Calf raisers are in the business of growing calves. Our product is a living, healthy calf or heifer prepared to express its genetic potential for production of milk or muscle accretion. To accurately monitor their businesses, each calf raiser should establish specific goals for their calves at key points in the calf’s lifecycle – weaning, breeding, etc. Unfortunately, many producers don’t routinely measure and monitor growth or calculate what’s driving the growth of their calves.
A recent article by Bateman et al. (2011) reported on what factors influenced body weight gain (calculated as average daily gain, ADG) in calves fed varying nutritional programs at the Nurture Research Center in Ohio. The calves were used in several different trials to evaluate different feeding programs, so the amount, type and nutrient content of milk replacers and starters varied by experiment. The researchers also evaluated the effects of calf health, environmental temperature and the incoming body weight and serum total protein of the calf.
The data used to study ADG contained records from 993 calves that were two to three days old at the beginning of each trial. They monitored variables every day for eight weeks and conducted sophisticated multiple regression analysis to determine important factors affecting growth over the entire eight weeks, or preweaning and postweaning periods.
How much did they grow?
Calves arrived at the research facility weighing 42.9 kg (94.6 lbs). By the end of the 56-day experiments, they weighed at average of 77.3 kg (170 lbs), for an ADG of 0.615 kg/day for the experiment. The researchers also measured change in hip width and the calves grew 4.09 cm by the end of all the 56-day studies.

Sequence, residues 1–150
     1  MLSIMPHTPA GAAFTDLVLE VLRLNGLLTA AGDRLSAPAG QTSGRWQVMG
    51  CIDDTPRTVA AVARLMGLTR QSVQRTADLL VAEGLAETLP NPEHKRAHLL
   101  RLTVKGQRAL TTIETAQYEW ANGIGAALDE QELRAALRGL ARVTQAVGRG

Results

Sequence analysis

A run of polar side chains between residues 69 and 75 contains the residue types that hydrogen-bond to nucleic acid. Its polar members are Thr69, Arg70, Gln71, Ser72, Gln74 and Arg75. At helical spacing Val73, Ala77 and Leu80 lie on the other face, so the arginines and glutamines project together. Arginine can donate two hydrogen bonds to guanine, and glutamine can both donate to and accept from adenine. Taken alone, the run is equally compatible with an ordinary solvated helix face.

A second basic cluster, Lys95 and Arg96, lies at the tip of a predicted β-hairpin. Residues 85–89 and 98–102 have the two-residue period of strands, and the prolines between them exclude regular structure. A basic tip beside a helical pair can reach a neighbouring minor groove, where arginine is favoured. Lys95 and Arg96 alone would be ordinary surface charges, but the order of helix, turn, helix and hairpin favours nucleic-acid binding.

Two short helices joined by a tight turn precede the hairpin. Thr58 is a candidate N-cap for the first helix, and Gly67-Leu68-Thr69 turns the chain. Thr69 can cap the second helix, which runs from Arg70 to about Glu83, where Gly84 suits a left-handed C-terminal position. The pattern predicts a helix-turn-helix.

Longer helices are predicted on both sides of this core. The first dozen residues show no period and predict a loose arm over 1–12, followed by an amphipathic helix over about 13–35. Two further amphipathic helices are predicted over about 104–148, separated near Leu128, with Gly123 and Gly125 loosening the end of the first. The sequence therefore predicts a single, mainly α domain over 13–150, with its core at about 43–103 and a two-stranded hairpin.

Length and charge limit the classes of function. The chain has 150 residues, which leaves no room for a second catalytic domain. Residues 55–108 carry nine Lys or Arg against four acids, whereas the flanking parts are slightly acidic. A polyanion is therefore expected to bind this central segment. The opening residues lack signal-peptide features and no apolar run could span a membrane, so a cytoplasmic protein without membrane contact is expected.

Calves had an average serum TP on arrival of 5.1 g/dl, with a range from 3.0 to 8.2 g/dl. This suggests that the average calf, while receiving some colostrum, had not achieved successful passive transfer (normally, this occurs at a TP concentration of 5.2 g/dl or greater).
What’s important to growth
It should come as no surprise, but getting a calf to grow means feeding it correctly. The amount of milk replacer and calf starter offered were the two most important factors affecting ADG during the preweaning period and over the entire 56-day period. For the period after weaning, intake of starter was most important.
Other factors, such as the number of days the calves had scours, outside temperature (which increases maintenance requirement for maintaining body temperature) and initial body weight were all statistically important but not as important as starter intake, particularly after weaning.
Efficiency of growth
Since feed is the most important cost of rearing heifers from birth to calving, calculating the growth per kilogram of feed consumed as an excellent benchmark for whether rations are well formulated, presented and consumed. The Provimi researchers calculated feed efficiency (kilograms of body weight gain per kilogram of total feed consumed) for the entire 56-day period and reported that age at weaning, starter intake and milk protein crude protein improved feed efficiency, whereas increasing number of days with scours and increasing initial body weight impaired feed efficiency.
It’s interesting (and may be helpful practically) to look at what influences feed efficiency. Increasing starter intake improved efficiency. From a metabolic standpoint, this is counter-intuitive, since dry feed is used less efficiently (lower digestibility and metabolizability) compared to milk replacer. However, in these studies, calves weren’t fed CMR for ad libitum intake. Thus, calves would be expected to consume energy and protein from CMR first, then eat starter to meet energy requirements. So, increasing consumption of starter implied greater total nutrient intake and dilution of maintenance requirements. The end result was improved feed efficiency. Since this is the normal situation on most dairies, the more starter the calf consumes, the more it will efficient it will be.
Improved efficiency with increased protein from CMR is an interesting concept. The protein in CMR fed during the various studies ranged from 20% to 28% of dry matter, with an average of 24.9%. These data would suggest that as protein in CMR is increased from 20% to 28%, calves utilize feed more efficiently for increased growth. Milk replacer CP was also important in predicting preweaning ADG, total ADG and hip width increase.